SAN FRANCISCO (Reuters) - Splunk Inc’s impressive debut on Nasdaq Thursday, where it doubled its $17 initial public offering price, has investors suddenly paying attention to a sector that has grown in relative obscurity: big data.
Essentially a catch-all term, big data refers to the ability to collect and analyze massive amounts of information on almost every dimension of the human experience.
Splunk allows companies to analyze data cheaply and simply, compared to the expensive data warehouses and specialized, hard-to-deploy technology they might have needed in the past.
From general business aspects to narrow sectors ranging from retail to healthcare to climate, the possibility of capitalizing off this data has the investment community excited.
Investors “know a heck of a lot more about big data now than they did two weeks ago, and they’ll know a heck of a lot more in a month than they do now,” said John Connors, a former Microsoft investor who now works as a venture capitalist at Ignition Partners, where he headed up the firm’s Splunk investment.
Some backers of big-data companies didn’t realize they had such a hot ticket until well after they made their initial investment.
Dave Hornik, an early backer of Splunk and who also backs traffic-information company Inrix, said he did not think of Inrix as a big data investment at first.
“But it turns out it is absolutely about big data,” he said.
Most of the pure-play big data companies are still a couple of years away from IPOs, said Asheem Chandna at Greylock Partners, which invests in big data companies Cloudera and Sumo Logic. But he predicts stepped-up mergers and acquisitions of smaller big data companies in the short term, as well as blockbuster IPOs in the future.
“We’re at the start of a decade-long run around new opportunities in big data,” he said, singling out sub-areas such as analytics, business intelligence and automated pattern detection.
Greylock Partners fields around two dozen pitches a month from big data start-ups, more than double the rate of a year ago, Chandna noted.
“Splunk’s IPO is going to have a huge impact,” said Ted Tobiason, who runs technology equity capital markets at Deutsche Bank. “You can’t ignore the valuation.”
Splunk shares opened at $32, up 256 percent from the mid-point of the company’s original IPO filing, valuing the business at about eight times forecast 2013 revenue. That is a lot higher than Jive Software, a recent hot software IPO that priced its offering at 4.7 times 2013 revenue, Tobiason noted.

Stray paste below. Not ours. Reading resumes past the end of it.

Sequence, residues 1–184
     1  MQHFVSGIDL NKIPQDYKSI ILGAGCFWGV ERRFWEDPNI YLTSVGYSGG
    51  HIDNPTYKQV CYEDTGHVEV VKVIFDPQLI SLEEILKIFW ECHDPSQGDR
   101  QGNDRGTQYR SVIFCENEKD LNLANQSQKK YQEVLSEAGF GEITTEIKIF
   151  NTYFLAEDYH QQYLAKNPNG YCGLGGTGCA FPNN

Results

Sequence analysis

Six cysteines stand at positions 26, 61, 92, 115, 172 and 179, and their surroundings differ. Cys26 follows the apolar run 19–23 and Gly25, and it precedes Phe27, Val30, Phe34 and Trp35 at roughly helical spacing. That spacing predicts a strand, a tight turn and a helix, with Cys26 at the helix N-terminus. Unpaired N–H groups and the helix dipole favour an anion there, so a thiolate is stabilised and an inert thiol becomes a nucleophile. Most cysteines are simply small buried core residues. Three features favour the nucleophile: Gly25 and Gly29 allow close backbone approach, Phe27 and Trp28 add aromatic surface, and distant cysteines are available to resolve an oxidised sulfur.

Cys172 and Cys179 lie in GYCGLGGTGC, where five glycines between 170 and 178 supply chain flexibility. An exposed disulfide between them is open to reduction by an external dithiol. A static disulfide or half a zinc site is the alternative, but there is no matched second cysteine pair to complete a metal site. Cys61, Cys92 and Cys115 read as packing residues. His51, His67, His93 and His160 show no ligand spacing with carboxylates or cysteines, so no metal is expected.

While there are few pure-play big data companies nearing IPOs soon, Splunk’s stock-market splash may encourage venture capital firms to invest more when big data firms look for new rounds of financing, Tobiason said.
VC firm Accel Partners launched a big data fund headed by Ping Li recently, but investors in other VC firms are likely asking how they plan to get more involved in the sector, he added.
It may also help big data start-ups to persuade more talented software engineers to jump ship from established tech companies, Tobiason said.
“This is the expansion of a huge market and you’re going to have a lot more winners like Splunk,” said Rob Ward of venture capital firm Meritech Capital, which invests in Cloudera and another big data company called Tableau Software.
Tableau is growing quickly and is likely considering an IPO some time next year, Ward added.
Curt Monash, an independent tech industry analyst, said he is busy meeting several big data companies, including Cloudera, Couchbase and Hortonworks.
“Cloudera probably has the second-best traction after Splunk,” Monash said. “They have doubled in every metric you can measure them by. They have about 220 employees and a number of subscription customers. Subscription is the majority of their revenue now, which they are happy about.”
Couchbase is part of a group of companies including 10gen that offer a hot type of database technology that can handle massive amounts of variable data, he added.